How Social Media Creates Covetousness In Teens

Excessive social media use might lead to a weakness of character.
Credit: Ambro via freedigitalphotos.net

Teenagers use Instagram and Snapchat all the time.  Some of them use Facebook too, but I mostly hear about “Insta” and Snapchat.  These are good tools of communication.  They allow people to enjoy seeing what their friends are up to, which can be fun.  More often than not though, I am hearing about hurt feelings as a result of these apps.

 

Teens that are constantly on these apps covet what their friends have.  They covet the highlight reel of friends with boyfriends or girlfriends, friends with other friends, friends with good family relationships, friends doing fun things, and friends being recognized for achievements.  They also covet their friends’ bodies, clothes and other material possessions.  It’s an endless game of your teenager comparing himself or herself and thinking (s)he doesn’t measure up.

 

Covetousness is an ugly character trait.  It seems harmless at first.  Initially your teenager simply wishes (s)he had what “they” have.  Then (s)he feels discontented with what (s)he has.  Then (s)he begins to envy.  From there flows a desire to take short-cuts.  Short-cuts lead to lying, cheating, stealing and impatience.  This is the mark of someone who needs instant gratification to be happy.  People who live like that remind me of Esau from the Old Testament in the Bible.  Esau traded everything that came with the Ancient Israelite tradition of being a firstborn son for a meal; he was hungry so he chose instant gratification.  Your child wants to be loved, so (s)he becomes willing to be sexual with someone at a party instead of putting in all the work it takes to have a meaningful, loving relationship.  Yes, I know this is an extreme example, but a covetous character really does lead to short-cuts, which can ultimately lead to a very hard road.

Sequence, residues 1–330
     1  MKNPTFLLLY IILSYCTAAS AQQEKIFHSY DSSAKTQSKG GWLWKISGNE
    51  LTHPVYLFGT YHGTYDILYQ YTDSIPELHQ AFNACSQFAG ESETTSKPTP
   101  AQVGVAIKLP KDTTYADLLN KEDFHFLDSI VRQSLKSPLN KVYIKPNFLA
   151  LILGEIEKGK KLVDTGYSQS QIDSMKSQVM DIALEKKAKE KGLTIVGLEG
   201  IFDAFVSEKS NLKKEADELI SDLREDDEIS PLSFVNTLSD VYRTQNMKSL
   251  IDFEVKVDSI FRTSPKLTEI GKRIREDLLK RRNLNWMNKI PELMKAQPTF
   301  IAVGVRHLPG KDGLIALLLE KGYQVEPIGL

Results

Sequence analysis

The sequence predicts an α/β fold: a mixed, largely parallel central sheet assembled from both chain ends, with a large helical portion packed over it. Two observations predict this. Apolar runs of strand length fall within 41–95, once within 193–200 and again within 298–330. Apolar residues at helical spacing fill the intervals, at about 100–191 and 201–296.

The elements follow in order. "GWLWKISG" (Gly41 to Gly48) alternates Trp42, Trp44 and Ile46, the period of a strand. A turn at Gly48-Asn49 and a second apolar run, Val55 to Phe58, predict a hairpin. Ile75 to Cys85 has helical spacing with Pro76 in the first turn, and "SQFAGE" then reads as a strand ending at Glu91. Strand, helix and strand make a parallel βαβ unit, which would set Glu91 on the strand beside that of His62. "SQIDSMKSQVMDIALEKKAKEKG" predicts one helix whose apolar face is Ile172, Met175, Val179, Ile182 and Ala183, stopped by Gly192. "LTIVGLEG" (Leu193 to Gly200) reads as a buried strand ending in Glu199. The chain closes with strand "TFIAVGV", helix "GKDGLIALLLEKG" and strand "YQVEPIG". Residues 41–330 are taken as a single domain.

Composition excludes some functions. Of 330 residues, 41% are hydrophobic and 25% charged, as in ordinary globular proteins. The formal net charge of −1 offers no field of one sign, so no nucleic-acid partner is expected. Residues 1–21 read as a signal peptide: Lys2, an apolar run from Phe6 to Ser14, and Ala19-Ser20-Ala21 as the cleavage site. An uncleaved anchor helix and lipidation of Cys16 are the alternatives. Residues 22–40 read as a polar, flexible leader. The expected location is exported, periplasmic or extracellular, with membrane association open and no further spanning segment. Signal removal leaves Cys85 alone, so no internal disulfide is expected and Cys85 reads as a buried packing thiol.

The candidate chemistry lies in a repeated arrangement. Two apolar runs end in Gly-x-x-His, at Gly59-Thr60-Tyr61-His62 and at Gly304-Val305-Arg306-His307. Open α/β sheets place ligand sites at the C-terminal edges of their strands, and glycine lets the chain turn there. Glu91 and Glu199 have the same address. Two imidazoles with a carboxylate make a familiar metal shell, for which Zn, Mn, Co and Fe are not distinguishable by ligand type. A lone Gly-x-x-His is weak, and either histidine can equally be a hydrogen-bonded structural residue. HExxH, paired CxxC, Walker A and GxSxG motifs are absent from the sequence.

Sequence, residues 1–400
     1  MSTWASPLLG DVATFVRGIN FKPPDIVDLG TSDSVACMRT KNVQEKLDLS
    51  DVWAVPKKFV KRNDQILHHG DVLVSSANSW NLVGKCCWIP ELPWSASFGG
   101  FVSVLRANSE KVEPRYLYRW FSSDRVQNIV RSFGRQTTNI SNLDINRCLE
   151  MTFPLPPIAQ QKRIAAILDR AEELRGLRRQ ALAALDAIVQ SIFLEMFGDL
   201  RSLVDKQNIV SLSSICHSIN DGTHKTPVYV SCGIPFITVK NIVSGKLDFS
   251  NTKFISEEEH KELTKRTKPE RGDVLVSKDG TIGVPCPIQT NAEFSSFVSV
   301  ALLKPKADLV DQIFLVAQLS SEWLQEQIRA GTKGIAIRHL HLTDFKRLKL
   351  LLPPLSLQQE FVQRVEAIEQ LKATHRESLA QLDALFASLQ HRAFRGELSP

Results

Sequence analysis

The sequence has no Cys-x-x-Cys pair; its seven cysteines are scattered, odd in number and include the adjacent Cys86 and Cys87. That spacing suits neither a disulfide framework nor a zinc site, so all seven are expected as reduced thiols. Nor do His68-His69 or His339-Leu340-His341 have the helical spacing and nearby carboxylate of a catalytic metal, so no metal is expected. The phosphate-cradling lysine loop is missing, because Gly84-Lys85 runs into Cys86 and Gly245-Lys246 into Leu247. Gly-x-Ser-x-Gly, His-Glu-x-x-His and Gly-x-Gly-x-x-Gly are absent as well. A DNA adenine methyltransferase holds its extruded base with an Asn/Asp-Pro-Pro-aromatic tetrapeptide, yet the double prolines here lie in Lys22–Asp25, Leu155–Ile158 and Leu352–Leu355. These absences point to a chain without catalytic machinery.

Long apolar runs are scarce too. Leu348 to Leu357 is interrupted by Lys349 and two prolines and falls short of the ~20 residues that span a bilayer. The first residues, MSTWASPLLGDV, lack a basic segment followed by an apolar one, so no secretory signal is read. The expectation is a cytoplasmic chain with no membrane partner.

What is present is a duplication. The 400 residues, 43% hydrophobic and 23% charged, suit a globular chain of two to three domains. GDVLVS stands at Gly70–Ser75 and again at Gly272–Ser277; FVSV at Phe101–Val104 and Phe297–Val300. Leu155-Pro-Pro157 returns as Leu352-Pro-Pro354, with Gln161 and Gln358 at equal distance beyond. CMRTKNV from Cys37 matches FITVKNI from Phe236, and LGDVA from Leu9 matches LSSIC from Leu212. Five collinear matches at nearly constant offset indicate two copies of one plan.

I am not blaming social media for the poor character trait of covetousness.  That is something that comes from instant gratification.  I will tell you though that the teenage clients I see who don’t really struggle with this also don’t spend much time on social media.  While there isn’t causation, there does seem to be correlation.  Just like drinking soda every day i9s correlated to obesity, using social media appears to be correlated to an envious character.

 

There’s an old adage that if you want to be thin hang out with thin people, and if you want to be wealthy hang out with wealthy people.  Well, if you want a strong character, do what people with strong characters do.  They use social media a little bit, but they don’t live on it.  They don’t allow themselves to become so wrapped up in it that they start comparing what they see with their own lives.  People of strong character simply tend to be busy doing other things than wishing they had what someone else has.  I want this for your teenager too.  I want your teen to develop sound character so that he or she will be a positive contribution to this world instead of someone who whines because life has been “hard” and “unfair.”

 

Helping teens grow and families improve connection,

Lauren Goodman, MS, MFT

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